Mitt Romney chomping on deep fried cheese curds? Rick Santorum taking a brewery tour?
The chances of those scena rios playing out soon in Wisconsin appear ever more likely as the two Republican front-runners in the race for the GOP presidential nomination head toward the state's April 3 primary.
It was feared the contest could be over by the time it reached here after Wisconsin Republicans decided to push back the election by six weeks as part of a nationwide shakeup of the GOP presidential primary system.
The change was prompted by the boost Democrats got in 2008 when Barack Obama and Hillary Clinton remained locked in a heated battle for months, said Charles Franklin, a Marquette University visiting law professor. By contrast, Arizona Sen. John McCain clinched the 2008 GOP nomination on Feb. 5 — six months before the national convention.
"The Republican Party had McCain all wrapped up (as the nominee) by Super Tuesday," Franklin said. "They thought it was too premature, and then they watched the Democratic primary go all the way to June getting all of the attention. It started to look better to have the longer, more drawn out primary campaign."
One of the new strategies has been to reduce winner-take-all contests, allowing candidates to stay in the race and rack up delegates even if they aren't winning statewide vote counts. "It's looking very much like our April 3 primary could be a very important primary for Romney and Santorum," Franklin said.
Expect several visits
If Republicans wanted more competition, they got it. So far, none of the four remaining GOP candidates appears ready to concede, and none is assured of accumulating the required 1,144 delegates any time soon.
Still in the hunt are Romney, the former Massachusetts governor, with 495 delegates; Santorum, former senator from Pennsylvania, 252 delegates; former House Speaker Newt Gingrich of Georgia, 131; and U.S. Rep. Ron Paul of Texas, with 48 delegates.
The field could shrink over the next two weeks as Puerto Rico, Illinois and Louisiana hold primaries. Then it's Wisconsin's turn.
In all, 42 delegates are at stake here. The winner of Wisconsin's open primary will get 18 delegates, and three delegates will be awarded to the winner of each of the state's eight congressional districts.
"We do anticipate seeing a great presence from all of our Republican primary candidates," said Ben Sparks, spokesman for the Republican Party of Wisconsin. Both Santorum and Romney have scheduled appearances in Wisconsin later this month.
Santorum will participate in a forum and dinner sponsored by Americans for Prosperity on Saturday in Milwaukee alongside U.S. Sen. Ron Johnson and Rep. Paul Ryan, R-Janesville.
Romney will hold a March 31 fundraiser, also in Milwaukee, said former state Sen. Ted Kanavas, who is heading up the state campaign for Romney with co-chair Sen. Alberta Darling, R-River Hills.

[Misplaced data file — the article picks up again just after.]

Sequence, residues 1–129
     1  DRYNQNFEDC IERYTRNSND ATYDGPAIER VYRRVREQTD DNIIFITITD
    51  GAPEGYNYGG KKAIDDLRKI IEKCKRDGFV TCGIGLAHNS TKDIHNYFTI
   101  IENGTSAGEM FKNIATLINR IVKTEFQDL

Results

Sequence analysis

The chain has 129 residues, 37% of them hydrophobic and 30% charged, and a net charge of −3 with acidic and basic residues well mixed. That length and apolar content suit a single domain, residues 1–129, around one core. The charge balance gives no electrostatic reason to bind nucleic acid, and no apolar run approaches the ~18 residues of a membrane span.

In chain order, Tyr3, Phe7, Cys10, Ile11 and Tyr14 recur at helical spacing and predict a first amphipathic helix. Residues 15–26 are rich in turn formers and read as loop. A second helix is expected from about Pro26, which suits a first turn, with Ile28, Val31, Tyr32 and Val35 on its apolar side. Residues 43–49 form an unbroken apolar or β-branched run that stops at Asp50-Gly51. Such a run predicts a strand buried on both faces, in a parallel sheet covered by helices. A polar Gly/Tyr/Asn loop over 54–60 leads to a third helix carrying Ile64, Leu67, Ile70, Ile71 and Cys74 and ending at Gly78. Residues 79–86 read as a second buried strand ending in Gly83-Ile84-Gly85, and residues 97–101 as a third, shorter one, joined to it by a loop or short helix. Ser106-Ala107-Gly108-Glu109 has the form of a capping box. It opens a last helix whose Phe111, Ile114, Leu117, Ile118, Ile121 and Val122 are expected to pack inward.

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"Wisconsin will definitely become a factor in the upcoming presidential primary race," Sparks said. "Obviously it's too early to speculate how much."
Hitting the airwaves
Last week, the first pro-Romney TV commercials began popping up in markets across Wisconsin.
The Romney campaign has purchased $516,000 in airtime through Monday, while Politico reported an ad buy of $460,000 by the pro-Romney super PAC, Restore Our Future.
Kanavas said the campaign is busy lining up county chairmen and has campus coordinators across the state.
He said he's not aware of the other campaigns hitting the streets yet in Wisconsin, but said that could happen within days of the April 3 contest since no candidate can afford an ongoing 50-state presence.
"It's got a kind of circus quality to it," Kanavas said. "You go to town, set up the big tent, then move on to the next town."
Despite having a head start on the ground in Wisconsin, Romney may have a hard time defeating the more conservative Santorum, who in recent polls appeared to have a commanding lead among fellow Republicans.
A survey released March 1 by Public Policy Polling showed 43 percent of Wisconsin Republican primary voters backed Santorum, compared to 27 percent for Romney, 10 percent for Gingrich — whose wife, Callista, hails from Whitehall in western Wisconsin — and 8 percent for Paul. Twelve percent said they were unsure or voting for someone else, according to the poll taken Feb. 23-26.
When put up against President Obama, however, the PPP poll showed all GOP candidates losing Wisconsin, with the smallest projected margin of loss of 6 points in a hypothetical matchup with Santorum.
Even if Romney doesn't win Wisconsin in the April 3 primary, Franklin said the candidate may be able to continue adding to his already formidable delegate count by winning some congressional districts.
Kanavas contended the field has shifted so wildly that it's impossible to project a winner. Three-week old polls, he said, "might as well be from 2007."
"It's been a remarkable, volatile campaign cycle," he said.